In recent years, the Cambodian Government has ramped up its crackdown on a perceived “drugs problem”. Within this context, many children and young people, from varying backgrounds have been caught up and sentenced long prison for non violent and/or misdemeanor type infractions. A community development and dialogue driven NGO based in Cambodia, This Life believes that sentencing children and young people to long, disproportionate sentences in prison is wrong in the light of the harm that this has on childhood and adulthood. This Life advocates for the development and delivery of Diversion Programs, which are community-based programs of action, that are used as development pathways for children, and which are adopted as alternative prison sentences
By Philip J Gover BA MA MPH
Impact, Learning & Effectiveness Lead – This Life
Diversionary Measures for Children in Conflict with the Law
A Public Health Response
A Community Development Action Research Project
Links to the Full Report at the end
This Life is an NGO, based in Siem Reap, Cambodia. This Life is a community development driven NGO, that places dialogue at the forefront of development. Using these development tools, This Life discovered a depth of community concern, that related to young people who were in conflict with the law.
In Cambodia, it is not uncommon for young people to spend disproportionately long sentences in prison, for nonviolent and/or misdemeanor type infractions.
12 years ago, This Life was talking with communities, about children who found themselves in conflict with the law. This happens everywhere, we know. However, from our conversations, we discovered that communities thought that the ways in which children were punished, was both inappropriate and wrong.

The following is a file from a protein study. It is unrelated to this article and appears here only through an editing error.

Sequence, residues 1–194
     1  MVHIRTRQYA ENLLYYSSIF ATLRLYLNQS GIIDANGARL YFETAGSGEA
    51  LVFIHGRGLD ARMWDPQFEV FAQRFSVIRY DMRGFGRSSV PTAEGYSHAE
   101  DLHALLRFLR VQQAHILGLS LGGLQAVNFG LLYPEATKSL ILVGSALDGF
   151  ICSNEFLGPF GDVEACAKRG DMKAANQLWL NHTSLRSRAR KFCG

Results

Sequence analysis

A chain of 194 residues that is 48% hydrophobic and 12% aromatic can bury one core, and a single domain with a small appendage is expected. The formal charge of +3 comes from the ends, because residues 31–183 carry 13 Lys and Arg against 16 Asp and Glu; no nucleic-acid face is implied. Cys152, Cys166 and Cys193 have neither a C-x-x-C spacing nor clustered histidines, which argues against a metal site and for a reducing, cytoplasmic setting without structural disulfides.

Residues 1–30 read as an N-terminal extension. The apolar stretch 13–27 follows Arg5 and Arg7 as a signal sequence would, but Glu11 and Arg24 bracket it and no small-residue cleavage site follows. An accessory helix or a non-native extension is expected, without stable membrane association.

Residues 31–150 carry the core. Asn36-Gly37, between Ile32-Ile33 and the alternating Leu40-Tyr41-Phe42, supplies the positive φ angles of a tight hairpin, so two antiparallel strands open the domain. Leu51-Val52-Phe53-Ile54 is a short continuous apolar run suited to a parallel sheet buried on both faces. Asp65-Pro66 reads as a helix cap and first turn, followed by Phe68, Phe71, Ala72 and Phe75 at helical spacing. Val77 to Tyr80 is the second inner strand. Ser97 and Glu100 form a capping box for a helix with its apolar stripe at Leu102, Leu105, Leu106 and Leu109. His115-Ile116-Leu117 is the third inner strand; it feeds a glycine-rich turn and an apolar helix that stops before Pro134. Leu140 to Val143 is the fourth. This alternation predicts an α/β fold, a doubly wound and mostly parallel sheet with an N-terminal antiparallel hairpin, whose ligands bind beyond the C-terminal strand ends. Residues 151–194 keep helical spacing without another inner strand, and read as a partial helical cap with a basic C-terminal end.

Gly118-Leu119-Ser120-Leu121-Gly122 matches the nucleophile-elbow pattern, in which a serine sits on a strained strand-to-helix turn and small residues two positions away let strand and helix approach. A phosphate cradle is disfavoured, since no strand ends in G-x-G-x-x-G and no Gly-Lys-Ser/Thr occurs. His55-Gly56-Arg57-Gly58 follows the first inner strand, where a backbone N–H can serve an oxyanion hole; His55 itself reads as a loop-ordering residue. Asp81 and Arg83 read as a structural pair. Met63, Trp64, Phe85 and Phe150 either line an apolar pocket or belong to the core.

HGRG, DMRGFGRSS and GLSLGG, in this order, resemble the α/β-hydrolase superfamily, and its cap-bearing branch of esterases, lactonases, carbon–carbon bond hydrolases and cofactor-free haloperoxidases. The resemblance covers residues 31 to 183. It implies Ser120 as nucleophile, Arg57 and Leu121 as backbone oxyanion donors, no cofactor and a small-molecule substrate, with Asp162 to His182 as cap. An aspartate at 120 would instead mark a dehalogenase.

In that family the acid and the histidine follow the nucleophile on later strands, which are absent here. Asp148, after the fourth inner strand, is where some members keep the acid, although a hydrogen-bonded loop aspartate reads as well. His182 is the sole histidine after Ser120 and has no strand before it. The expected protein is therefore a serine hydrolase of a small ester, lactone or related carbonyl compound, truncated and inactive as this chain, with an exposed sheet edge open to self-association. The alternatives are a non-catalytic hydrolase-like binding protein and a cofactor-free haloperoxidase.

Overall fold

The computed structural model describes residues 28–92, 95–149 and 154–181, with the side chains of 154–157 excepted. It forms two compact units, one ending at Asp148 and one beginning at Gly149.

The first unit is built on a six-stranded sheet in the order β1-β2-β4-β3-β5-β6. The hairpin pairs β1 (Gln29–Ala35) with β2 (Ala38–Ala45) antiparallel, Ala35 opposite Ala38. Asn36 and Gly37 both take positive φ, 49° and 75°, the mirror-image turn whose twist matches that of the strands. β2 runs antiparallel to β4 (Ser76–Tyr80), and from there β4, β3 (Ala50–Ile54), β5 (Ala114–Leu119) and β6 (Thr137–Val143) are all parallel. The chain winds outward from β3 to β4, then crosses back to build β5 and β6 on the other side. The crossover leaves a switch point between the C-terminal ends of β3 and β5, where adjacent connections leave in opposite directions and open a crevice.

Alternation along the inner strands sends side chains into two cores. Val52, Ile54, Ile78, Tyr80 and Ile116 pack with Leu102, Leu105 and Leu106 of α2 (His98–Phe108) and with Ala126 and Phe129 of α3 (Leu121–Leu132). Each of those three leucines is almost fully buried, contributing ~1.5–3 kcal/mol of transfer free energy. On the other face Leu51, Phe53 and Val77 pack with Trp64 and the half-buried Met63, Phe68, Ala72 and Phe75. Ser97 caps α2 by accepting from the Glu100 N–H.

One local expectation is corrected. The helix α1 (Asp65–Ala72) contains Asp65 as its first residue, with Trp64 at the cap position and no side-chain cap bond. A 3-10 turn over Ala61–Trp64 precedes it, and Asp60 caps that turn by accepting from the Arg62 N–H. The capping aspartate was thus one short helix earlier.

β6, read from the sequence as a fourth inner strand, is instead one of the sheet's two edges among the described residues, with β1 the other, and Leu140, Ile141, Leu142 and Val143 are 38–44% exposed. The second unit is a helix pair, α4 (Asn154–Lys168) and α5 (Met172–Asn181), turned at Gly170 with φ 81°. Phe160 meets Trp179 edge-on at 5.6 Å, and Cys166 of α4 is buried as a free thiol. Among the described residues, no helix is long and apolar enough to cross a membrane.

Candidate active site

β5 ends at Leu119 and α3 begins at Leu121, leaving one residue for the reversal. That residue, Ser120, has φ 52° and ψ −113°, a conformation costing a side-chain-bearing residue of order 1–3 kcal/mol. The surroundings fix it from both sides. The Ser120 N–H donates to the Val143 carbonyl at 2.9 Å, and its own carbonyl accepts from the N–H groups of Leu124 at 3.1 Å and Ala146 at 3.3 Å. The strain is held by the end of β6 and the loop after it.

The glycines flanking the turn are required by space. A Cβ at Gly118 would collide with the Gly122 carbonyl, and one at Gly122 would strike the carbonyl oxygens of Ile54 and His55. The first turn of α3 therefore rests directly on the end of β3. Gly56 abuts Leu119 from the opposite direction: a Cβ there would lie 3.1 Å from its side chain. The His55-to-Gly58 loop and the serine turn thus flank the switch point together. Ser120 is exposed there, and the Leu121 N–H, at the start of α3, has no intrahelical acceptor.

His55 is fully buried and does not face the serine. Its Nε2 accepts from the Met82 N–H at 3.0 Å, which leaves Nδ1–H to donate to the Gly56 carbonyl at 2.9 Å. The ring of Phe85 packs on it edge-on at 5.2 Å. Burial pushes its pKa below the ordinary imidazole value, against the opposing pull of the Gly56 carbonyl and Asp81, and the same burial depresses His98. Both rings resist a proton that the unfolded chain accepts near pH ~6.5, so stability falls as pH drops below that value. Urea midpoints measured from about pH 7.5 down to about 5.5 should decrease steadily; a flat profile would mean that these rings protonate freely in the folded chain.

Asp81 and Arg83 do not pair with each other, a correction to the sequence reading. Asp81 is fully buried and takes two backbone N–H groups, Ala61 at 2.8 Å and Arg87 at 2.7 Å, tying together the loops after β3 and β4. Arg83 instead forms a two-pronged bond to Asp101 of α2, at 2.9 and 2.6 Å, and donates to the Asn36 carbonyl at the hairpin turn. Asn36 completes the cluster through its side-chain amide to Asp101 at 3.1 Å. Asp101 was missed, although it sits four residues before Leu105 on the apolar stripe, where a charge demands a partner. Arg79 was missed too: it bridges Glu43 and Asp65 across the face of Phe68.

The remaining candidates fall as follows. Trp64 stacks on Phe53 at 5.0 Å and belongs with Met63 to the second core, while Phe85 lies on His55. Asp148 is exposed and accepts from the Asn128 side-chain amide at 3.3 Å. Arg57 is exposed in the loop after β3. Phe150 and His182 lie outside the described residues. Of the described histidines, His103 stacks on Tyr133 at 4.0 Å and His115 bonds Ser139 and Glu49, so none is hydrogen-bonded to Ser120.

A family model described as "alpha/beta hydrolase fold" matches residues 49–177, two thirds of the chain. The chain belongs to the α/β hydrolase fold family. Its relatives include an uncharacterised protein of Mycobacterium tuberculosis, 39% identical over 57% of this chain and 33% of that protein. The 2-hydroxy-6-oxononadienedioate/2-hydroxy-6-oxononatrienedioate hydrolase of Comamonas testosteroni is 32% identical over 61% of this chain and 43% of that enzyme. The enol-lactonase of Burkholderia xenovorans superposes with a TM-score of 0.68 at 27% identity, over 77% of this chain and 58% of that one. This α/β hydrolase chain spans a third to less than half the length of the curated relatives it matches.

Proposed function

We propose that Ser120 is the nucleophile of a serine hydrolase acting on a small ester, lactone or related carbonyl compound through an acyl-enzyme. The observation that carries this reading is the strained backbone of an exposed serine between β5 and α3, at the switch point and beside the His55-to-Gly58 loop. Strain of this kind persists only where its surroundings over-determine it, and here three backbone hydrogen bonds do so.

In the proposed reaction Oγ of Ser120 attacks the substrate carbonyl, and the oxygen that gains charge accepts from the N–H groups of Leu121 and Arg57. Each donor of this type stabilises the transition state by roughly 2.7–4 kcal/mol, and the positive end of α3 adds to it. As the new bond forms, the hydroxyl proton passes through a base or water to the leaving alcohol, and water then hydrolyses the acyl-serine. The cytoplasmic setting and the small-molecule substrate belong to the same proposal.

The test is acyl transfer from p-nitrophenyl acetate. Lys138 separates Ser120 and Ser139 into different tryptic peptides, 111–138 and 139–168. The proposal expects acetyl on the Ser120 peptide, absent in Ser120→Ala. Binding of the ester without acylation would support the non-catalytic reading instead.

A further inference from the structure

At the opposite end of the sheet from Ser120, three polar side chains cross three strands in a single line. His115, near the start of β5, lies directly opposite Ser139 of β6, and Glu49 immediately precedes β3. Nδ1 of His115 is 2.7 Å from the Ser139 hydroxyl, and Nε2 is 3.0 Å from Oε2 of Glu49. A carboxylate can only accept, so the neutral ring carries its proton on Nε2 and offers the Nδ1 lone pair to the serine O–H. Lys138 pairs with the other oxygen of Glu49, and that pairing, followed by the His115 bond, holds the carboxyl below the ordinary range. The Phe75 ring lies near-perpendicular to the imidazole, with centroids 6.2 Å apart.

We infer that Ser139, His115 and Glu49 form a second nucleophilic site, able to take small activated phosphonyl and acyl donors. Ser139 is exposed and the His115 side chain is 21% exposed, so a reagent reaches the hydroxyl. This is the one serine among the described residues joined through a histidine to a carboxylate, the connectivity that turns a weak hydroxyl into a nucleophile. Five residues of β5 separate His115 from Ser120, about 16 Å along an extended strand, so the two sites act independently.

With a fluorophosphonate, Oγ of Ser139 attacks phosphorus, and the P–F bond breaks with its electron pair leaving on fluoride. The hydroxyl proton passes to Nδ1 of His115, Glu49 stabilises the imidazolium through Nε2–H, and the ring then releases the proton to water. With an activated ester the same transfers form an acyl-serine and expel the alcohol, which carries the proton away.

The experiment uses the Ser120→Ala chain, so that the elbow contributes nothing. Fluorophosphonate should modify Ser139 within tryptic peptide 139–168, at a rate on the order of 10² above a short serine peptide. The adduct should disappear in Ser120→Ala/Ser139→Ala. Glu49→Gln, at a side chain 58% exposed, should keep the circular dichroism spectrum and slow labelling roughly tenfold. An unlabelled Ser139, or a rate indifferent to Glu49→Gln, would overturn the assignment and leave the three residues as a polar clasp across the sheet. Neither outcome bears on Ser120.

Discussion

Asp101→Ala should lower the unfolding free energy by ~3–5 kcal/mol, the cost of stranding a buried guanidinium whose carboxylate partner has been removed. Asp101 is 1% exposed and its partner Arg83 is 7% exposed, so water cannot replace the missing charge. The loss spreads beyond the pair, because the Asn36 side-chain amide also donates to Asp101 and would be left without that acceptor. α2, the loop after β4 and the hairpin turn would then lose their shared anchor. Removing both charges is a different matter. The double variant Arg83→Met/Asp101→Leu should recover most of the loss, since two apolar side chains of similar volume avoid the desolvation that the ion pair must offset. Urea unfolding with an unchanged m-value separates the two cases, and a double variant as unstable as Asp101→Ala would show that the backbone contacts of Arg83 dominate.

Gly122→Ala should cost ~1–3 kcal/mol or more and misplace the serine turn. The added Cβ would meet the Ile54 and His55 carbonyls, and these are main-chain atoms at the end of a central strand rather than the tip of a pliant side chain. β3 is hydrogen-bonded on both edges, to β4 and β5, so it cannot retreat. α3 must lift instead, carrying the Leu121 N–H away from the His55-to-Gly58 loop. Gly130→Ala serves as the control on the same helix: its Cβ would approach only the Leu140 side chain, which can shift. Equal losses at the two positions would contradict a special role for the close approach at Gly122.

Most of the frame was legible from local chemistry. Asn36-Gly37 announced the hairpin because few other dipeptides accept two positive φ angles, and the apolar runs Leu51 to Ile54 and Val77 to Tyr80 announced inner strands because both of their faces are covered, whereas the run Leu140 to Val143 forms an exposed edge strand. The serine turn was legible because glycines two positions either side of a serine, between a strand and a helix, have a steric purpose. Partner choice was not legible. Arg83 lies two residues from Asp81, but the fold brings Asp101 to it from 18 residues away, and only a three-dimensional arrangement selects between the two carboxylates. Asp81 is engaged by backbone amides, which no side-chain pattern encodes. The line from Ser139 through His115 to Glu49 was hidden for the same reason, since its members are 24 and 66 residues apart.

From discussions, we realised that many young people faced long sentences, in overcrowded prisons, for minor, non-violent misdemeanor type offences. We also learned of other things, that spending long periods of time in prison, effectively ruined their chances of establishing and developing their education. We learned of health problems and other explicit risks, which to be frank, children and young people really shouldn’t have to face, in any setting, in the 21st Century!
In time, this conversation developed further, so, This Life conducted a primary research project. The project attempted to perception test the value of diversion – which refers to community-based programs of action, that are used as development pathways for children, and used as alternative sentences to prison. It’s worth noting that we are talking about children and young people who commit minor, non-violent offences.
We thought that the research might reveal a lot of objections to this concept, but no. There was really no resistance to this at all.
From our research we recognised the drivers of crime. Drugs (recreational drug use and addiction related) were a primary root cause. Theft was often opportunistic and linked to drug related addiction. Theft was also linked to poverty, with crimes of personal desperation also acting as a root cause. Upon assessment, we noted that majority of child convictions were for non-violent offences, mostly drug related, and theft. In 64% of cases, children said their drug use had led them to commit crimes. In summary, we noted that young people, from poorer families and whom already had an incomplete education of some sort, were extremely vulnerable to conviction.
In Cambodia, the law on Juvenile Justice came into force in 2017. Indeed, the law does state that detention before or after conviction, should be a last resort for children. Unfortunately, since then, things having quite evolved in quite the same spirit. In fact, we have seen a tripling of children and young people entering prison.
There are a number of ways to explain this, but for now, let me explain it like this. It’s difficult to see change unfold on a daily basis, but over time it becomes clear. Perhaps clearer in those eyes of a foreign witness like me.